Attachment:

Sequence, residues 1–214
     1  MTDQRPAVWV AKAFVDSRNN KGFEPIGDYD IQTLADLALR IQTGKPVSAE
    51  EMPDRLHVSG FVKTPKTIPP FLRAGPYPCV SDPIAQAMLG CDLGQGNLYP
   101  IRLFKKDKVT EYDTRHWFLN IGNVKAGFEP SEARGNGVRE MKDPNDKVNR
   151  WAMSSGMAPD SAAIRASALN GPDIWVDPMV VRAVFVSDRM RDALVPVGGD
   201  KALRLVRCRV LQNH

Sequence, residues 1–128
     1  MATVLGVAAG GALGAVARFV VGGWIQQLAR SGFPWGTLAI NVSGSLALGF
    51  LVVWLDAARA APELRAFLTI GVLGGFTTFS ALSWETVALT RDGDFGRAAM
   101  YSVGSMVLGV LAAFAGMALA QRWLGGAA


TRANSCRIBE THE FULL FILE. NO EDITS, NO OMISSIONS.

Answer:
Sequence, residues 1–214
     1  MTDQRPAVWV AKAFVDSRNN KGFEPIGDYD IQTLADLALR IQTGKPVSAE
    51  EMPDRLHVSG FVKTPKTIPP FLRAGPYPCV SDPIAQAMLG CDLGQGNLYP
   101  IRLFKKDKVT EYDTRHWFLN IGNVKAGFEP SEARGNGVRE MKDPNDKVNR
   151  WAMSSGMAPD SAAIRASALN GPDIWVDPMV VRAVFVSDRM RDALVPVGGD
   201  KALRLVRCRV LQNH

Sequence, residues 1–128
     1  MATVLGVAAG GALGAVARFV VGGWIQQLAR SGFPWGTLAI NVSGSLALGF
    51  LVVWLDAARA APELRAFLTI GVLGGFTTFS ALSWETVALT RDGDFGRAAM
   101  YSVGSMVLGV LAAFAGMALA QRWLGGAA